What was the scope of their involvement?
Our solution has several major components. We found Artezio to build one of them. It’s a publishing tool that allows our brokers to take data from their system and build brochures or microsites that they can use to interact with their customers. The product team in Belarus, which is managed by Artezio, is in complete control of the development and the solution for our publishing piece.
We built our legacy solution in-house, completely on the Microsoft platform, so it was native CRM. We wanted to build our own, more feature-rich and interactive solution, and integrate it with multiple CRM systems. This would allow us to have the same code base that works for both Microsoft and Salesforce, and be on our own platform instead of having three different solutions.
When our software was still in the early stages of development — just a little bit past beta — we called on Artezio to prepare for release to a large number of users in Asia, which presented a lot of challenges with multilingual reporting. There were two or three things our project needed for success, and if we couldn’t do the publishing side, the project would have failed.
Artezio had a model that was being used by several of our clients, but their solution was completely built from scratch.
What is the team dynamic?
We currently have 12 members on our team at Artezio, but just a few months ago we had 25. Part of the reduction was because we finished some of our projects, so we didn’t need as large a team.
We interact with them every day through Visual Studio. We have our standup meetings on a daily basis, product pitch points with them at least twice a week, and asynchronous email-type conversations throughout the day.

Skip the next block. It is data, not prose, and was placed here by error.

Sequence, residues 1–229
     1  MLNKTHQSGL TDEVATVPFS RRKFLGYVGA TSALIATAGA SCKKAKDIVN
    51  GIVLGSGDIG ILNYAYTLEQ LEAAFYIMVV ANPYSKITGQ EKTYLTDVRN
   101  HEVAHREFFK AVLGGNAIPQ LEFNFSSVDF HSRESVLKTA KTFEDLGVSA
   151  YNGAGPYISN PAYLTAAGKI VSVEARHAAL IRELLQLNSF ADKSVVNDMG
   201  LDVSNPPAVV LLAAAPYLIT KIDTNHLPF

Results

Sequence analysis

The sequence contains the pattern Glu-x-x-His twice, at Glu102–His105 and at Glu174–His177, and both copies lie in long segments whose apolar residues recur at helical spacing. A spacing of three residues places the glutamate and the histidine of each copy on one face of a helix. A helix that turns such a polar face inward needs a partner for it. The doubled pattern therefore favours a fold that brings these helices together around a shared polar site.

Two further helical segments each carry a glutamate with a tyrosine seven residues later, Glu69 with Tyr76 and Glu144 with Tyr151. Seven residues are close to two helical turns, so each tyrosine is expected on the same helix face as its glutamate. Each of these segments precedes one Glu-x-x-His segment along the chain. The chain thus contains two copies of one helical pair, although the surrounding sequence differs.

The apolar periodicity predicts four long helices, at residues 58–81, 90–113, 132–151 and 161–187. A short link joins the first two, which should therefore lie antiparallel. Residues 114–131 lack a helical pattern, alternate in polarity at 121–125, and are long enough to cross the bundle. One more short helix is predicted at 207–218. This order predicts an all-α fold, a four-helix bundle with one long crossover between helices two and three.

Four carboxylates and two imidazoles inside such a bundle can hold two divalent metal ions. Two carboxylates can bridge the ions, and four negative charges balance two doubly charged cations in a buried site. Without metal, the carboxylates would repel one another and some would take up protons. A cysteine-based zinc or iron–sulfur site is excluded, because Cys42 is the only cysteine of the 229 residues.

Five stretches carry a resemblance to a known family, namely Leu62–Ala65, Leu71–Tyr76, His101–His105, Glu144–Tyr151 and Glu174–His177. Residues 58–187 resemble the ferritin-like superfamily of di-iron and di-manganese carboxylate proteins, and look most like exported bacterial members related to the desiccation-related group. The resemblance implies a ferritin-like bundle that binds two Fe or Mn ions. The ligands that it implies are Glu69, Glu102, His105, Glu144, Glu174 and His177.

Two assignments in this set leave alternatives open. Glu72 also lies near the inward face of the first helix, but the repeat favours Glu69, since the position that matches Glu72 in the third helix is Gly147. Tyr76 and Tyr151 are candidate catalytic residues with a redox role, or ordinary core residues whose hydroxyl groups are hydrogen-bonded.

Artezio team members are an extension of our team. Though Artezio is the actual employer of the team, they act as if they’re our team members. They have our email addresses, and they check in code to our TFS. It’s very integrated.
How did you come to work with Artezio?
We have developers, but they’re almost all service consultant developers and work with customers.
We have engaged offshore companies for many years in different regions and with different cultures. We’ve tried China, Argentina, Mexico, and India. We found success in Eastern Europe, first with developers in Ukraine.
We wanted to expand beyond Ukraine. This was in 2014 when the conflict there was heating up, so we wanted some geopolitical balance in case the situation worsened. Since we were building a new product line, it was the right moment to consider looking outside of Ukraine and elsewhere in Eastern Europe.
When we wanted to expand into other markets, we looked at Belarus and did some online research. I located five or six groups in Minsk, and after reading their proposals and conducting telephone interviews, I went to Minsk and visited the two finalists in person. After that, I did reference calls.
While it was a tough decision, Artezio’s references were deeper and more thorough, and they had a longer project history.
How much have you invested with them?
I'd rather not disclose any financial information.
What is the status of this engagement?
We began working together in August 2015, and the work is ongoing.